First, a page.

ZIRA: IN CAPTIVITY
translated into English by: Laurence Hope (1865-1904)
- OVE me a little, Lord, or let me go,
- I am so weary walking to and fro
- Through all your lonely halls that were so sweet
- Did they but echo to your coming feet.
- When by the flowered scrolls of lace-like stone
- Our women's windows -- I am left alone,
- Across the yellow Desert, looking forth,
- I see the purple hills towards the north.
- Behind those jagged Mountains' lilac crest
- Once lay the captive bird's small rifled nest.
- There was my brother slain, my sister bound;
- His blood, her tears, drunk by the thirsty ground.
- Then, while the burning village smoked on high,
- And desecrated all the peaceful sky,
- They took us captive, us, born frank and free,
- On fleet, strong camels through the sandy sea.
- Yet, when we rested, night-times, on the sand
- By the rare waters of this weary land,
- Our captors, ere the camp was wrapped in sleep,
- Talked, and I listened, and forgot to weep.
- "Is he not brave and fair?" they asked, "our King,
- Slender as one tall palm-tree by a spring;
- Erect, serene, with gravely brilliant eyes,
- As deeply dark as are those desert skies.
- "Truly no bitter fate," they said, and smiled,
- "Awaits the beauty of this captured child!"
- Then something in my heart began to sing,
- And secretly I longed to see the King.
- Sometimes the other maidens sat in tears,
- Sometimes, consoled, they jested at their fears,
- Musing what lovers Time to them would bring;
- But I was silent, thinking of the King.
- Till, when the weary endless sands were passed,
- When, far to south, the city rose at last,
- All speech forsook me and my eyelids fell,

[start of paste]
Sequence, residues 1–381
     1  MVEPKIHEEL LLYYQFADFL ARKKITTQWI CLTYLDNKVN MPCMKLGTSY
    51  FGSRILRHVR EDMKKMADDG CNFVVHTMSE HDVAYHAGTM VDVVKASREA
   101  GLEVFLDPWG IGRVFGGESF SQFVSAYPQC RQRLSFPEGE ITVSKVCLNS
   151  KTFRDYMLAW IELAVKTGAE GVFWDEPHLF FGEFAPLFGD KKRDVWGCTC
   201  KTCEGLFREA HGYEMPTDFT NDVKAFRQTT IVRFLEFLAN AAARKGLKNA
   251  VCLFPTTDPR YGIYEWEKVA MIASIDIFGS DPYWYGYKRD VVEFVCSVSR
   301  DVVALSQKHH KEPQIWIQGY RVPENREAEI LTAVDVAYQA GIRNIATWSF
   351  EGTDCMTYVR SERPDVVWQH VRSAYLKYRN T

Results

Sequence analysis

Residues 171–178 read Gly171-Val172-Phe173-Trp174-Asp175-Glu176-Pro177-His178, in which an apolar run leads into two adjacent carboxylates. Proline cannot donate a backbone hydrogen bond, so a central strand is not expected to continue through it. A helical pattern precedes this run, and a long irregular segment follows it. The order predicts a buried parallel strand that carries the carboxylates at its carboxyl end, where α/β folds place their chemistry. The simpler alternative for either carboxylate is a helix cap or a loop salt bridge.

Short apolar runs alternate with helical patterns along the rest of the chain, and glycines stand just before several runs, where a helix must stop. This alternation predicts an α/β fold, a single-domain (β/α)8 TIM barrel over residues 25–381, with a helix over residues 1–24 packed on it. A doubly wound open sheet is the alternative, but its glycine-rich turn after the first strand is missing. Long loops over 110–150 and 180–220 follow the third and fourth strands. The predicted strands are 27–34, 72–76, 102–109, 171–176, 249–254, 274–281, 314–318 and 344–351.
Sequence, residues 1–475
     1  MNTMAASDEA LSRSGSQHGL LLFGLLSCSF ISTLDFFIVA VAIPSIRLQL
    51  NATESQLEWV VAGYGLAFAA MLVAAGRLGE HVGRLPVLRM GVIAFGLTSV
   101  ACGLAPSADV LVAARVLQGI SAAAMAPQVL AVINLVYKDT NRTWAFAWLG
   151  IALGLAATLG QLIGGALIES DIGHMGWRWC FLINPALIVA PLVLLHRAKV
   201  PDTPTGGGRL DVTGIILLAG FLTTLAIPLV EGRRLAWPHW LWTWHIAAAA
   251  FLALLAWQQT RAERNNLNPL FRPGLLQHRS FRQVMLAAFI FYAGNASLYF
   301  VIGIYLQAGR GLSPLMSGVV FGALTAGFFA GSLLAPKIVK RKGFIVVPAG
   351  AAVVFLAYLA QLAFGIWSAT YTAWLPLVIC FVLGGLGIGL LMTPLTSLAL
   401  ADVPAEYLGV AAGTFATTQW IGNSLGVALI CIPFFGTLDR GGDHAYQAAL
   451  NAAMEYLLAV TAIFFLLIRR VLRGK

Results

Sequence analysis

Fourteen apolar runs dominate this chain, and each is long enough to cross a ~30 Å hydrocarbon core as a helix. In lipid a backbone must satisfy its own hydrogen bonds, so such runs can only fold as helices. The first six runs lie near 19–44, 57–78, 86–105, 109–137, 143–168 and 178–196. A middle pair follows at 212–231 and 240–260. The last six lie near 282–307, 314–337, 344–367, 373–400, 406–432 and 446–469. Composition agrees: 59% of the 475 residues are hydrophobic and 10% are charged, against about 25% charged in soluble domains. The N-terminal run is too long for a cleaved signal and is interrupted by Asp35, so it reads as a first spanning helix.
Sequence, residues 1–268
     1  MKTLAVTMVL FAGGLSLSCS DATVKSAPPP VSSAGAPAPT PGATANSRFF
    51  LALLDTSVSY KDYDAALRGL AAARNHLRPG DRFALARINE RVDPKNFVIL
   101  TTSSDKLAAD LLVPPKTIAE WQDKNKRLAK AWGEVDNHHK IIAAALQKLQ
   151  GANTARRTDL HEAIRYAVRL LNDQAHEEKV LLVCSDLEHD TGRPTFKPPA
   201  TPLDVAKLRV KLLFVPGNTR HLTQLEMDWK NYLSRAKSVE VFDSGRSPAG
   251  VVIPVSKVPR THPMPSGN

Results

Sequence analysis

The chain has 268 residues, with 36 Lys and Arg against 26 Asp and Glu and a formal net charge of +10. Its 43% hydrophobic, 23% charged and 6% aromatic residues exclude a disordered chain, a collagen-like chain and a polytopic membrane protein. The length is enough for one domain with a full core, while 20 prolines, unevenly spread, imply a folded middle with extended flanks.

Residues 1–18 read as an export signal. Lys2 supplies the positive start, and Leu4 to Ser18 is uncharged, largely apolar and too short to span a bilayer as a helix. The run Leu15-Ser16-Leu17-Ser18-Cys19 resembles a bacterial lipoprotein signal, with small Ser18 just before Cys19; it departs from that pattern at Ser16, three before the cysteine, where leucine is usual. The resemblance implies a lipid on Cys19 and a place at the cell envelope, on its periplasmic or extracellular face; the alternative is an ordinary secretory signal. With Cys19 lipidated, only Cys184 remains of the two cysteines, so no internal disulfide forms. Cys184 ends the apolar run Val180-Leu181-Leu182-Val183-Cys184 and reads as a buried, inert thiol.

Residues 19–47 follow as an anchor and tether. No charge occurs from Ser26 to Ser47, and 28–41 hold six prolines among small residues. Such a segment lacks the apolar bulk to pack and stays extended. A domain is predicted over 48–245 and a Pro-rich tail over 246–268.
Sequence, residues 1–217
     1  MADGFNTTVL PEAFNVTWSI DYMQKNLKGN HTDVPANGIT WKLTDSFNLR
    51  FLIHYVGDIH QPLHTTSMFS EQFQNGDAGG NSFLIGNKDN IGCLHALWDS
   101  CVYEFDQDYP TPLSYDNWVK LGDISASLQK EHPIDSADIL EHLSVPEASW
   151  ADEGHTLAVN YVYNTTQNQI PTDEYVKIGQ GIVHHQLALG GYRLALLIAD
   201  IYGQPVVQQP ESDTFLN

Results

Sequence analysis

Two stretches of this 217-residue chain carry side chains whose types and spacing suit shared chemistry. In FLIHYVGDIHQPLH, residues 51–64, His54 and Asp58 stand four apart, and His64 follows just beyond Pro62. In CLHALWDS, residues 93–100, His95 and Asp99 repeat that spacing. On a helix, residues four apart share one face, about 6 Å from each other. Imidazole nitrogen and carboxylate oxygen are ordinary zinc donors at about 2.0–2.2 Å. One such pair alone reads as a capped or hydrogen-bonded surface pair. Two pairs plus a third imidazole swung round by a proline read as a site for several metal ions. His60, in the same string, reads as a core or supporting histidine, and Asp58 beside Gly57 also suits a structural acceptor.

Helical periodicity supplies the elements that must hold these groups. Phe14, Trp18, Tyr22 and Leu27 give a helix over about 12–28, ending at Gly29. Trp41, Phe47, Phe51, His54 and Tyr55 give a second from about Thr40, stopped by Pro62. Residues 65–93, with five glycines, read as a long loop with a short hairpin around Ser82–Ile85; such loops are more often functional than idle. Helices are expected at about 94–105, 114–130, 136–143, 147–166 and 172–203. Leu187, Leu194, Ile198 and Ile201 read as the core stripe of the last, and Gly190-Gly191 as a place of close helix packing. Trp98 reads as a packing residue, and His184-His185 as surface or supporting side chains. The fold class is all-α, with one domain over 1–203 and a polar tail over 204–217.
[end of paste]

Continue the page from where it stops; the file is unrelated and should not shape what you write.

- Since I already loved my Lord so well.
- Then the division: some were sent away
- To merchants in the city; some, they say,
- To summer palaces, beyond the walls.
- But me they took straight to the Sultan's halls.
- Every morning I would wake and say
- "Ah, sisters, shall I see our Lord to-day?"
- The women robed me, perfumed me, and smiled;
- "When were his feet unfleet to pleasure, child?"
- And tales they told me of his deeds in war,
- Of how his name was reverenced afar;
- And, crouching closer in the lamp's faint glow,
- They told me of his beauty, speaking low.
- What need, what need? the women wasted art;
- I loved you with every fibre of my heart
- Already. My God! when did I not love you,
- In life, in death, when shall I not love you?
- You never seek me. All day long I lie
- Watching the changes of the far-off sky
- Behind the lattice-work of carven stone.
- And all night long, alas! I lie alone.
- But you come never. Ah, my Lord the King,
- How can you find it well to do this thing?
- Come once, come only: sometimes, as I lie,
- I doubt if I shall see you first, or die.
- Ah, could I hear your footsteps at the door
- Hallow the lintel and caress the floor,
- Then I might drink your beauty, satisfied,
- Die of delight, ere you could reach my side.
- Alas, you come not, Lord: life's flame burns low,
- Faint for a loveliness it may not know,
- Faint for your face, Oh, come -- come soon to me --
- Lest, though you should not, Death should, set me free!
POEMS BY LAURENCE HOPE
|"Zira: in Captivity" is reprinted from India's Love Lyrics. Trans. Laurence Hope. New York: John Lane Co., 1906.